Matty Smith's Reviews > The Illustrated A Brief History of Time/The Universe in a Nutshell

The Illustrated A Brief History of Time/The Universe in a Nut... by Stephen Hawking
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Jun 06, 2011

really liked it
Read from June 06 to August 24, 2011

There's a reason I never took physics...

And that all of my science credits for my BA consist of studying the biographies of Copernicus, Galileo, and Einstein.

This stuff is COMPLICATED, y'alls.

I read Brief History of Time in high school as an assignment for Non-western Civilization from one of the best teachers I ever had. Still not sure how the assignment tied in with the class but I suppose that's neither here nor there. It was something that always stuck with me and when I saw the opportunity to buy an illustrated version coupled with a second book by Hawking for super cheap at my Borders' closing sale, I snatched it up.

In both books, Dr. Hawking explains amazingly complex concepts in an easily comprehensible (if not necessarily understandable) way which seems to break things down as simply as possible. On it's own, I would give "Brief History" 5 Stars. The book starts with a fairly clear thesis and moves step by step describing all the points it intended to hit. And the illustrations are a nice bonus. It should be noted that this text was updated from the original version published in the late 80's. I'm not sure if it differs any from the version I read in the late 90's but there definitely seemed to be a few concepts I don't recall from the first time around. But over all, Brief History is pretty understandable, and eye opening once you can wrap your mind around the concepts involved.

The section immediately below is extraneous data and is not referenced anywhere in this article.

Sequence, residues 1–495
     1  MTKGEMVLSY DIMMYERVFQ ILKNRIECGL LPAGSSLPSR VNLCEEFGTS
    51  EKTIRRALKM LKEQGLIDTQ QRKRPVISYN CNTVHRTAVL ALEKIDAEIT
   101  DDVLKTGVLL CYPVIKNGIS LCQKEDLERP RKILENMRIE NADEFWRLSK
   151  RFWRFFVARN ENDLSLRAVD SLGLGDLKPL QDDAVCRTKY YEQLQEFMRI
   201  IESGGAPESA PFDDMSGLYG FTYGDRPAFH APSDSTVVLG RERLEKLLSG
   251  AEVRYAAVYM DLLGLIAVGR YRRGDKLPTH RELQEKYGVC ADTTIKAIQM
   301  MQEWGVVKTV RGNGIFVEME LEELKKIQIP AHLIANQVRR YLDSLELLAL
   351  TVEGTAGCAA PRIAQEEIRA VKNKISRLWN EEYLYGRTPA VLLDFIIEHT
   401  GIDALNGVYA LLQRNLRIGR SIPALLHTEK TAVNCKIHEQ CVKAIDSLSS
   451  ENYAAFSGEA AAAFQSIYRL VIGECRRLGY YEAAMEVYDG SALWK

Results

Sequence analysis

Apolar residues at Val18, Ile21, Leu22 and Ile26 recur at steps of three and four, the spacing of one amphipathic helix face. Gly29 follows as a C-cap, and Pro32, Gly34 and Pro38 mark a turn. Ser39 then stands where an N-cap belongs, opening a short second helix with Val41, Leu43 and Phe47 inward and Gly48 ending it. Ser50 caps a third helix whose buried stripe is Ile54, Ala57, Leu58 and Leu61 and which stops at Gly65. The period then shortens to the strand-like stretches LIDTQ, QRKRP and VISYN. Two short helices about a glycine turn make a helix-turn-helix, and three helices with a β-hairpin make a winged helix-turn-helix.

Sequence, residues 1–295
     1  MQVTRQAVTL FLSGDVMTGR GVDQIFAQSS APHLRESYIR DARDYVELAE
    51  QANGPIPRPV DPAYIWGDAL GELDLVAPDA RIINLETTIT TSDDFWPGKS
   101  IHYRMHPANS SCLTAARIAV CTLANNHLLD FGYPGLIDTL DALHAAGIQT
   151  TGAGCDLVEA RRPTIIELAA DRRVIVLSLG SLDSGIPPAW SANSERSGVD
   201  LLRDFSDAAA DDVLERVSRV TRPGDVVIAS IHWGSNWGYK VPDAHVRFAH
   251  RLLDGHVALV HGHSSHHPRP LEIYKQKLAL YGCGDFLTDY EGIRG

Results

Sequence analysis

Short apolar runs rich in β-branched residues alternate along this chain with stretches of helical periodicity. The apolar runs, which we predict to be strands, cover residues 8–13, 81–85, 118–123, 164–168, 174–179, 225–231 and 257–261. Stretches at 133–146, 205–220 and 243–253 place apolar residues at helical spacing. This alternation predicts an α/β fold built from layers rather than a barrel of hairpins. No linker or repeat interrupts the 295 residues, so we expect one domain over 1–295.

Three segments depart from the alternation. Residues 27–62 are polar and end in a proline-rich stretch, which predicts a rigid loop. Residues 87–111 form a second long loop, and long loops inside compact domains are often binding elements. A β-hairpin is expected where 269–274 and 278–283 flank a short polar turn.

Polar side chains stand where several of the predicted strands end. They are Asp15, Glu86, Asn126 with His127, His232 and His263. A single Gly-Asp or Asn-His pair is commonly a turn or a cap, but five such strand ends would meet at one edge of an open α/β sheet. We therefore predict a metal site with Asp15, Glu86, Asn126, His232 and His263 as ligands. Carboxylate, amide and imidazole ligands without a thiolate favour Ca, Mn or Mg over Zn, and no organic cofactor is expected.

Perhaps part of the problem comparing the two books is that relativity as a theory is over 100 years old. It seems to be something that most averagely (not a word I know) educated people have a basic grasp up, so the elaborations in Brief History are easier to follow. Then the book gets into string theory. Which I seem to recall understanding once upon a time. Kinda. And then the second book elaborates on that, and moves from there to "branes" and ten dimensional space and imaginary time and a whole lot of much more modern theory is thrown at you all at once. Plus, Hawking acknowledges in the prologue to "Universe in a Nutshell" that he conceived that book as one that has, more or less, stand alone chapters which refer to each other but don't build a story flow as it were. There's a whole lot going on in that book and a lot of it, even if I read it over a few times, flew right over my head. Though a part of me feels I could really grasp everything it discusses if I push myself to struggle through a reread.

And maybe in about 5-10 years I'll feel up to it. I'm keeping the book so it'll always be on the shelf. And I'll willingly admit, perhaps it's not fair to not give this book a full 5 star rating based on my own ignorance and inability to understand what seems like the easiest explanation of very complicated ideas. But as I said before...this stuff is COM-PLI-CATED!
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